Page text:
A differentially private mechanism does not reveal more than a bounded amount of probabilistic information about a user. This view does not explicitly take into account other ways information can leak, like side-channel functions or knowledge about the structure of a social network. We found two approaches that attempt to include such auxiliary functions in DP variants. One possibility is to weaken DP by allowing a certain amount of leakage; another option is to explicitly forbid the mechanism to reveal more than another function, considered to be safe for release.
In , authors define bounded leakage DP, which quantifies the privacy that is maintained by a mechanism despite bounded, additional leakage of information by some leakage function. Interestingly, this leakage function shares the randomness of the privacy mechanism: it can, for example, capture side-channel leakage from the mechanism’s execution. In the formal definition of this DP variant, the randomness is explicit: the privacy mechanism and the leakage takes the random bits as an additional parameter.
Definition 42 (-bounded leakage differential privacy ). Let be a leakage function. A privacy mechanism is -bounded leakage differentially private (BLDP) if for all pairs of neighboring datasets and , all outputs of such that and , and all sets of outputs :
where the randomness is taken over the random bits .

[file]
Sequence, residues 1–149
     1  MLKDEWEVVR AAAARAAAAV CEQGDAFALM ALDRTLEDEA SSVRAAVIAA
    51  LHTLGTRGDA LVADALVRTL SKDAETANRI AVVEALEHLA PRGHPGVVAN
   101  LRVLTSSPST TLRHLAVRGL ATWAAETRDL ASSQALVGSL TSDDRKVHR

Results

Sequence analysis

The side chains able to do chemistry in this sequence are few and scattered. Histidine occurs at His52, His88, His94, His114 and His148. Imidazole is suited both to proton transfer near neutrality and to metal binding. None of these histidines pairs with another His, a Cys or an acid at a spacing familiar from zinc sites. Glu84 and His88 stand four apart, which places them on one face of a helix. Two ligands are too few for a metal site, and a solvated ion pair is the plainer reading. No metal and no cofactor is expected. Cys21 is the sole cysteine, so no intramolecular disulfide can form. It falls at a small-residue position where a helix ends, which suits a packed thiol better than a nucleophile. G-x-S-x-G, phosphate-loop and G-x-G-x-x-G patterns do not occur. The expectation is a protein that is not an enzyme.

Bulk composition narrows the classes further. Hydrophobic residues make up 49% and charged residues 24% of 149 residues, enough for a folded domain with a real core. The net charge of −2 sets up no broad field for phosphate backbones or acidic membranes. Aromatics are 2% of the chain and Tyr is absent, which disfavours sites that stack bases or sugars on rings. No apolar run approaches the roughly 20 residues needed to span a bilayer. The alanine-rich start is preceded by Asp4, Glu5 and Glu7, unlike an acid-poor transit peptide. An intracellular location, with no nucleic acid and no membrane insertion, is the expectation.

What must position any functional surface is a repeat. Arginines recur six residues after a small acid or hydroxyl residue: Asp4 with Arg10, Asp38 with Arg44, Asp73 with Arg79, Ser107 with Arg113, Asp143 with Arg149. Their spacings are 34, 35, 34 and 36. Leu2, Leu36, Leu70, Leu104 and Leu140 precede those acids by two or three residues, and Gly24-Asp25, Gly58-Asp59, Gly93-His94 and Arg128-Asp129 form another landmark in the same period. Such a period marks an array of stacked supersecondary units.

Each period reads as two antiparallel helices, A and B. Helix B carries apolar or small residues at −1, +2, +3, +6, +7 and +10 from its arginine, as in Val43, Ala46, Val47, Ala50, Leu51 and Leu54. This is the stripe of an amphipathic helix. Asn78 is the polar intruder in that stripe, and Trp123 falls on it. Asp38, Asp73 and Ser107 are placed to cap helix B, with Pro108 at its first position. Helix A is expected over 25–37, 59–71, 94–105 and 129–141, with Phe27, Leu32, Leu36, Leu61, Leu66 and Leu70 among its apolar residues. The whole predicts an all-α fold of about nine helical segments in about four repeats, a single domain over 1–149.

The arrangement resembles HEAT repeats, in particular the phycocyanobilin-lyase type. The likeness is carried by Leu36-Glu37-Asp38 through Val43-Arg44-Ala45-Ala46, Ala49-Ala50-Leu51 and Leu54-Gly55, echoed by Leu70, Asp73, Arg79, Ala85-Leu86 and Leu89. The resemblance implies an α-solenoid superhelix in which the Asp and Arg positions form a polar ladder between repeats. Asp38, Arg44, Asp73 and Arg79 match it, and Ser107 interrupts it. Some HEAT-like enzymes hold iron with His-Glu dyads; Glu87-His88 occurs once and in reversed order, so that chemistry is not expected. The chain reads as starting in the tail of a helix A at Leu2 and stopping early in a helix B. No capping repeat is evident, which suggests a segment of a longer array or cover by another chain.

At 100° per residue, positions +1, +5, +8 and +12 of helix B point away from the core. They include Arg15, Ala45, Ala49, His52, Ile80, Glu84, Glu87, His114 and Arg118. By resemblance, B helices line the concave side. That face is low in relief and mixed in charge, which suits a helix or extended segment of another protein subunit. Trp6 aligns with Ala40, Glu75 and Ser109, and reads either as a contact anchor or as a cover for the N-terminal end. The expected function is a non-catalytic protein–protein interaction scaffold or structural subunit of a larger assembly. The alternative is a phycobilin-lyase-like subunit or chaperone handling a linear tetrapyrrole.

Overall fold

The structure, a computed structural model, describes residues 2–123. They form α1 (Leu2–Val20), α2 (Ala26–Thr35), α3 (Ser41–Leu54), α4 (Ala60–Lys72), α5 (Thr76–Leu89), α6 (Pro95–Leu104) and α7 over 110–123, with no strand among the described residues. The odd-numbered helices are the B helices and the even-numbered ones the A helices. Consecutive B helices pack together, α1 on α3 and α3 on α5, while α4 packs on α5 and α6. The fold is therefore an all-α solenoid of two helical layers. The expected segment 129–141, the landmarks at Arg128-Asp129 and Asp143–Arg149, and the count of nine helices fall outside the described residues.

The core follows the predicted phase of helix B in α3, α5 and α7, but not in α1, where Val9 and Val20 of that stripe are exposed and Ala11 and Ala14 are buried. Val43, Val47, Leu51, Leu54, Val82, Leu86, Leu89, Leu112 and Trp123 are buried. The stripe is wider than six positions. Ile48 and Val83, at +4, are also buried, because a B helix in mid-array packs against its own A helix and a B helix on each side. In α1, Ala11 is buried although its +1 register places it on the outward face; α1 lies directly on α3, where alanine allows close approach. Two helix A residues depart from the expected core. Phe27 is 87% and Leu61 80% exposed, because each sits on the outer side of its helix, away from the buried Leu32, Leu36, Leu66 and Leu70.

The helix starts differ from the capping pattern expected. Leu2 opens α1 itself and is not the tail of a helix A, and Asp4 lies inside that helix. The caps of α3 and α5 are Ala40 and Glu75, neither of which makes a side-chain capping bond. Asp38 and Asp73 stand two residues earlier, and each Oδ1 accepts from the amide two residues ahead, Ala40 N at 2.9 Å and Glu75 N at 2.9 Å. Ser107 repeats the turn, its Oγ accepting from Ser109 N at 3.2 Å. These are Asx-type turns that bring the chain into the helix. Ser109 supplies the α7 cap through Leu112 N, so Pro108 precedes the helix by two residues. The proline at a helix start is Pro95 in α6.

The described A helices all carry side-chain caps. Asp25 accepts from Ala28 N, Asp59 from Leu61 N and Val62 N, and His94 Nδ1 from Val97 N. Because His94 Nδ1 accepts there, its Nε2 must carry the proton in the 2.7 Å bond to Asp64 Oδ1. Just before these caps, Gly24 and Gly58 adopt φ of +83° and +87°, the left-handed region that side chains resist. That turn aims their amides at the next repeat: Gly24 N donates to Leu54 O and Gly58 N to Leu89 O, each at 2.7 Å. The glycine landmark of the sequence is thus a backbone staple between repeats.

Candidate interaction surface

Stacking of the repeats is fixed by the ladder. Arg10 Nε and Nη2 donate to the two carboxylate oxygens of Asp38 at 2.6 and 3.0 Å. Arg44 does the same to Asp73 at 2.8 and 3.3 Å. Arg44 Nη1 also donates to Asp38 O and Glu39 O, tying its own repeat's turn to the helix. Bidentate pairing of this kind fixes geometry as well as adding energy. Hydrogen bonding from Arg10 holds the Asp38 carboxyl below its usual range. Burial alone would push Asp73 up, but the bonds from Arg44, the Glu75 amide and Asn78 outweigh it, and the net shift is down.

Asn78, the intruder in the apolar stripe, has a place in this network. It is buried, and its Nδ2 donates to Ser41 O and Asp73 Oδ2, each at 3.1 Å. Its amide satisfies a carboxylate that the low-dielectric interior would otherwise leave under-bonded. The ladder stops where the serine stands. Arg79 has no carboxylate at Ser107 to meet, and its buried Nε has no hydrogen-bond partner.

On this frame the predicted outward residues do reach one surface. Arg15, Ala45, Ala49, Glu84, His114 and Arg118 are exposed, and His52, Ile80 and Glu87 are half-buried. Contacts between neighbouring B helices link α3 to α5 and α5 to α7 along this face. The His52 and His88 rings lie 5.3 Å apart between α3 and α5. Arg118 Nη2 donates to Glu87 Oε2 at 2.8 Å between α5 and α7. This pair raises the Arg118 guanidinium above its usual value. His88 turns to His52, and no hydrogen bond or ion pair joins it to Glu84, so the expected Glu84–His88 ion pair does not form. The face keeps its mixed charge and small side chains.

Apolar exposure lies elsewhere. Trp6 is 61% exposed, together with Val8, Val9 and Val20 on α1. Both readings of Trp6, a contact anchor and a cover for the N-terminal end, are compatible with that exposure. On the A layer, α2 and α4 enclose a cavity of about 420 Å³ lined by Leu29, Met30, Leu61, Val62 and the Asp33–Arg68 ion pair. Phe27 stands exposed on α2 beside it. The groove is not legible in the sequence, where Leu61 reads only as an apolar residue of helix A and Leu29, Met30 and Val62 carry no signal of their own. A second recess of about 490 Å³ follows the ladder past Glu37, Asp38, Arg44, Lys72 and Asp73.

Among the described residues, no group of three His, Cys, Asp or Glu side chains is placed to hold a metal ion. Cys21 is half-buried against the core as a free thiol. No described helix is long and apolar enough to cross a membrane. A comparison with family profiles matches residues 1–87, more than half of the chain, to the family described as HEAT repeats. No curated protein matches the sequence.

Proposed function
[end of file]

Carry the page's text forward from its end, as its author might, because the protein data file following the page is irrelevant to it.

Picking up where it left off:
As expected, if there is no leakage ( is a constant function), this is simply -DP. The authors also show that it is closed for post-processing and composable. Furthermore, if the privacy mechanism is independent from the leakage function, it is strictly weaker than differential privacy.
When using the associative interpretation with the independence assumption, it is unclear how to adapt DP to correlated datasets like social networks: data about someone’s friends might reveal sensitive information about this person. The causal interpretation of DP does not suffer from this problem, but how to adapt the associative view to such correlated contexts? Changing the definition of the neighborhood is one possibility (see Section 2.2.3), but it requires knowing in advance the exact impact of someone on other records. A more robust option is to impose that the information released does not contain more information than the result of some predefined algorithms on the data, without the individual in question. The method for formalizing this intuition borrows ideas from zero-knowledge proofs .
Instead of imposing that the result of the mechanism is roughly the same on neighboring datasets and , the intuition is to impose that the result of the mechanism on can be simulated using only some information about . The corresponding definition, called zero-knowledge privacy and introduced in , captures the idea that the mechanism does not leak more information on a given target than a certain class of aggregate metrics. This class, called model of aggregate information in , is formalized by a family of (possibly randomized) family of algorithms .